Everyone needs dental treatment at some point in their life so insuring your teeth makes plain good sense. But choosing a dental insurance policy can be a daunting prospect.
Making sense of the myriad of different options and dental cover available can be difficult. This is your definitive guide to dental insurance: what kinds are available, what they cover, what they won't.
Armed with the right information, you can make steps towards securing your smile.
HOW IMPORTANT IS YOUR SMILE TO YOU?
We often take our teeth for granted. They are vital to our smile and our confidence; our food and health; and the condition of a persons teeth can be a major indicator of their likelihood to suffer from heart disease. And yet, in a 2008 study, only 52.7% of the UK population visited an NHS dentist; excluding children, this fell to 48.3%.
While children and those on benefits can still receive free dental treatment, even NHS treatment is not completely free. Finding an NHS dentist can also still be hard. Finding someone you trust with your smile can be harder still.
But dentists' charges can be high, and getting higher all the time. Even routine check-ups and smaller treatment can incur large bills, self-paying can leave you vulnerable to large bills for treatment that is needed out of the blue. This is where dental insurance enters the frame.
Like medical insurance, dental insurance offers greater freedom of choice and security against the unexpected large treatment costs. Unlike insuring your general health, dentistry requires routine check-ups to be effective and so it is a requirement of many plans that you see a dentist on a regular basis.
Many plans will offer reimbursement towards limited routine treatment to cover this: check-ups, hygienist appointments, fillings. This makes dental treatment fundamentally different in nature from most insurance plans, which are based on risk, and is why dental and medical insurance are generally treated as discrete covers.
Children will often receive free treatment at the NHS but instilling a positive view of dentists and dental health from an early age can make a huge difference to young lives and so often parents choose to remain with private dentists. When choosing a dental insurance policy, be sure to investigate what is available for children as many offer special rates for children, or even education plans for younger children.
Let's examine some of the types of plans on the market.
DENTAL HEALTH INSURANCE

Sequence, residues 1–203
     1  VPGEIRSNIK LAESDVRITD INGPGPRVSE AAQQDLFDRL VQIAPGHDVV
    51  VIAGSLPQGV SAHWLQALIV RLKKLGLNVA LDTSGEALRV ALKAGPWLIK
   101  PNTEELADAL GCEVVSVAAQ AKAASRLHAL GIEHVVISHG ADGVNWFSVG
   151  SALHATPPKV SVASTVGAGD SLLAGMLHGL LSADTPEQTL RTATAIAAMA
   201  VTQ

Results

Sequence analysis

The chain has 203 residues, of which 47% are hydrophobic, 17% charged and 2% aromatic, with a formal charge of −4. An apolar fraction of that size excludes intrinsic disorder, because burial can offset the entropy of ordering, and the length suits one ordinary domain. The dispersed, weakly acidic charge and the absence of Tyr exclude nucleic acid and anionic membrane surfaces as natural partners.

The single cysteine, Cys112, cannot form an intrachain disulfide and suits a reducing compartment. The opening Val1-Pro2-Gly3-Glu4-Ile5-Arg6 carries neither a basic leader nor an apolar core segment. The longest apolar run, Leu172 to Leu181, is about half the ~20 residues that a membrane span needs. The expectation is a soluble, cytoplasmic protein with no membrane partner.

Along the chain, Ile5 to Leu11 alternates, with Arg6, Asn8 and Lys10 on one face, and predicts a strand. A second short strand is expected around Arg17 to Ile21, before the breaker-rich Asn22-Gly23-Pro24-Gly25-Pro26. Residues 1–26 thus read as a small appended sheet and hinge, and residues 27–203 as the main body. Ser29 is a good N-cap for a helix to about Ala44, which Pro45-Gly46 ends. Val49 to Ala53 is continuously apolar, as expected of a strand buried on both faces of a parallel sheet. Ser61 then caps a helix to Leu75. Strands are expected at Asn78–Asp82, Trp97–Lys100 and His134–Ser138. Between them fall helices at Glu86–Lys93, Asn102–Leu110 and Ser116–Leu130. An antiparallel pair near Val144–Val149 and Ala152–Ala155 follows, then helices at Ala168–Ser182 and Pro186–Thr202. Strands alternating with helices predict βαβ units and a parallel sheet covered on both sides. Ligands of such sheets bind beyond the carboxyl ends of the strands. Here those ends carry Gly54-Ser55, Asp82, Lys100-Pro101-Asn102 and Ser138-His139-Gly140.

There are two main kinds of dental insurance plans.
Dental cash plans reimburse the costs of routine dental treatment and emergency treatment, including charges for treatment on Bank Holidays of the weekends, up to a pre-set maximum in a plan year. You may still reclaim routine costs even if you use the NHS but have the flexibility to use private dentistry as well. Reimbursement may be limited for larger routine treatments such as root canal.
There will usually be some form of co-insurance: a share of the costs that you will pay, such as 25% or 50%. It is anticipated that this will stop people claiming unnecessarily and thereby helping to keep regular premiums down.
Some plans may blend routine cash plans with more extensive insurance, allowing cover as well for big-ticket items with five-figure treatment costs, such as dental injuries and defined oral problems such as mouth cancers.
Another option is a 'capitation plan'. Particular dentists who subscribe to the plan can offer payment across the year to cover scheduled check-ups as well as a range of specific treatments, such as root canal, fillings, extraction, bridges, dentures and inlays.
These plans will generally be priced on the quality of your teeth and you may have an initial inspection to determine your dental health. These plans may necessitate you seeing particular dentists, unless it is an emergency situation. It does mean dental costs can be more evenly spread over the year as.
Note that even these plans would generally have extra costs that are not covered, including lab or sedation fees, treatment that is not carried out in the dentist's chair or any treatment that is not clinically necessary: i.e. porcelain veneers, whitening or other cosmetic treatment.
Some dental cover may be available for the removal of wisdom teeth; however, a removal of any complexity would not take place in the dentist's chair and therefore may also be excluded.
Orthodontic treatments, such as braces, are generally not covered because they are not generally clinically necessary but rather cosmetic.
Emergency dental treatment abroad may also be covered under some plans. Be sure to consult the specifics stated in the guidebook of your chosen dental insurance plan, take a note of any emergency contact number and keep your dental insurance provider informed of any treatment you are due to undertake ahead of time.
THE CHOICES YOU HAVE
With so many different dental insurance plans on the market, and the market changing all the time, you will need to weigh up the benefits and costs of each one individually. Do you prefer the thoroughness of a capitation plan or the flexibility of a dental cash plan?
Dental insurance quotes will differ greatly so you will need to keep an eye on what is and what is not covered and make an effective comparison of the merits of each plan.
But what is certain is that by informing yourself on what is available, you have taken a crucial step towards securing your smile for the long-term.
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